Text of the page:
Terence Crawford completely outclassed Errol Spence Jr on Saturday night. He became undisputed welterweight champion of the world, the second time he’s become an undisputed champion, the first male fighter to do that in the four-belt era.
For years, Crawford heard from various angles that he hadn’t fought anyone, that he would struggle if he had been with Premier Boxing Champions, the outfit that all but owned the 147 lb division. Never mind that Crawford had won a title at 135 and gone undisputed at 140.
But it wasn’t an entirely illogical argument, even with Crawford passing every eye test with flying colors. After moving up to 147 in 2018, Crawford’s resume consisted of Jeff Horn, Jose Benavidez Jr, Amir Khan, Egidijus Kavaliauskas, Kell Brook, Shawn Porter, and David Avanesyan.
Those aren’t bad fighters, mind you, any of them. But two of them — Brook and Porter — had already been beaten soundly by his PBC counterpart, Spence, who had also scored dominant wins over Lamont Peterson, Carlos Ocampo, Mikey Garcia, Danny Garcia, and Yordenis Ugas. He picked up three world titles along the way, starting by stopping Brook in 2017, going overseas just as Crawford had to win his first world title.
When you really break it down, it’s arguable the gap between the resumes isn’t that huge, but Spence was beating a lot of the names, because PBC had pretty much all the names.
Other than Crawford, who was signed with Top Rank. Cross-promotional and cross-network politics are up there among boxing’s biggest problems when it comes to delivering what fans want to see, and it took a few years for Spence and Crawford to finally get together, about 20 months after Crawford left Top Rank behind, saying on stage directly next to promoter Bob Arum that they had failed to deliver the big fight, and it was time for him to leave.
Saturday was expected to be competitive. The odds were narrow for a marquee boxing event, with “Bud” the slight favorite over Spence. And for a round, it looked like it might be a tactical affair, both looking to find the rhythm.
Crawford found it in round two. And then it was all Terence Crawford.
Two days before the fight, Crawford said, “Everything about me is better than Errol. When you look at what I do in the ring, it’s better than what he does. Come fight night, I’m going to prove every doubter wrong. I’m going to show that I’m the best fighter in the world.”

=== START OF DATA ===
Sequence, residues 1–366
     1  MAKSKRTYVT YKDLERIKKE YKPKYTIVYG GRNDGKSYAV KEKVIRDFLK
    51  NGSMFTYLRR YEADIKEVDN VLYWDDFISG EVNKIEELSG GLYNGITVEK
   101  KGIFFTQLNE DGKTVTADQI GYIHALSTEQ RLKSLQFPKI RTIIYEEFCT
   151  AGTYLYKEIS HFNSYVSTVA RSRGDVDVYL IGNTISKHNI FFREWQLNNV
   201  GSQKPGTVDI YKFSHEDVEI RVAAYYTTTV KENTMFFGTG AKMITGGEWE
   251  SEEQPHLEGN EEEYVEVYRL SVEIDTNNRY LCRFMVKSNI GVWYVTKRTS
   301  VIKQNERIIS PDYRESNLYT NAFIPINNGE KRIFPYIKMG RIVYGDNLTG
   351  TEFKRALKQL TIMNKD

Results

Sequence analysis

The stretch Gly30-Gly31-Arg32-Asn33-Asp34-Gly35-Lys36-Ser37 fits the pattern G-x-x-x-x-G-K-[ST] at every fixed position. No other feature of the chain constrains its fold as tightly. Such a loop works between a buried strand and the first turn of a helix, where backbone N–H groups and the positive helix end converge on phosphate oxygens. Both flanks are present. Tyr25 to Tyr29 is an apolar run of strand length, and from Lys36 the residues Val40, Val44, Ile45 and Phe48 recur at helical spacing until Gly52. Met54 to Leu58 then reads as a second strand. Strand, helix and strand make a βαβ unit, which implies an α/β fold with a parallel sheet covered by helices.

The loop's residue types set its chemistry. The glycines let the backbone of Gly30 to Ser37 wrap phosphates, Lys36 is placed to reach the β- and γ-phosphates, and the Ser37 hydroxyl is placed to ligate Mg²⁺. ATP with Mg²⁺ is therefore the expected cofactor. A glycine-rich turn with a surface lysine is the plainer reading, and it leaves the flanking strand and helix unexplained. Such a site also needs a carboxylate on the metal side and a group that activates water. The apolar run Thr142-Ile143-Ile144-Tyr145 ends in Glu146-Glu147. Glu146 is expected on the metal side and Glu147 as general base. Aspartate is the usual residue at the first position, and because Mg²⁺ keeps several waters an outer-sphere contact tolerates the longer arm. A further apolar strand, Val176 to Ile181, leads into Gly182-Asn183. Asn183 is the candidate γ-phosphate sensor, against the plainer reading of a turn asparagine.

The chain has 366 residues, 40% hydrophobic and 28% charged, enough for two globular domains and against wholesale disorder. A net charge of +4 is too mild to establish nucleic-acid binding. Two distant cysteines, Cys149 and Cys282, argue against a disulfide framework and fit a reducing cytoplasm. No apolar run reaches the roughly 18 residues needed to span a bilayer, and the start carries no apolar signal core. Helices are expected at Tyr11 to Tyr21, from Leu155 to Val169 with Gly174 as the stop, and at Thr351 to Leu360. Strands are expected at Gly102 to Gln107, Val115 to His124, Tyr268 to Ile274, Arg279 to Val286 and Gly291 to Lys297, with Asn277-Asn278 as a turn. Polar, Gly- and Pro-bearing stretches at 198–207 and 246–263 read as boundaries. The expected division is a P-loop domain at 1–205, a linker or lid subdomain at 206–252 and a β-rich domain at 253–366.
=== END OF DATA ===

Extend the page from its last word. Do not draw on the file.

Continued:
If he didn’t do that, he didn’t do anything. Everything about him was better than Errol. He proved every remaining doubter or skeptic wrong.
And it’s hard to say, with all due respect to the great Naoya Inoue, that Terence Crawford didn’t prove he was the best fighter in the world.
His fellow pros were in awe of what Terence achieved, as he battered Spence, bloodied him, dominated him, and dropped him three times before referee Harvey Dock mercifully stopped a one-sided affair in round nine.
Offering congratulations, Canelo Alvarez told Crawford, “You are a fucking great fighter. Well deserved.” Many proclaimed Crawford to be the clear top dog in the sport, pound-for-pound; again, it’s really hard to say he isn’t.
What Terence Crawford did against Errol Spence Jr was special. One commenter on this site during the live discussion compared it to the 2009 fight between Manny Pacquiao and Miguel Cotto, where a great fighter was just taken apart by a really great fighter, and I think that stands.
Crawford is, to use a meme phrase sincerely, built different. It’s not just skills, it’s not just the spite he has in his style, it’s not just hard work or confidence or his completely unflappable demeanor. It’s all of it. He is a complete package as a fighter, physically and mentally. He is truly, truly great.
There probably will be a rematch. It’s in the contract. Spence seems to have absolutely no interest in doing it again at 147 — meaning if Crawford insists on that, Spence may waive his right to the rematch — but Crawford sounds totally open to doing it at 154, noting that he also has to cut down to make weight, and as he approaches his 36th birthday, that won’t be getting easier.
He’s talked about moving up before, and with the money on the table for Crawford vs Spence 2 — and Terence will have his name first next time, without question — it might be hard to pass that up to stay at welterweight and fight someone like Jaron “Boots” Ennis, with full respect to Ennis.
But a rematch is for another time, and whether it’s needed or not isn’t even really part of the discussion. If they agree on the terms, it will happen.
For now, it is simply about appreciating Terence Crawford as quite possibly the best fighter in boxing’s post-Mayweather/Pacquiao era. In the biggest fight of his career, against the biggest test of his career, he made an elite fighter look no better equipped to deal with him than Jeff Horn or David Avanesyan were.
Give him the credit. All of it. Because he’s earned it and then some. He didn’t just win, he conquered.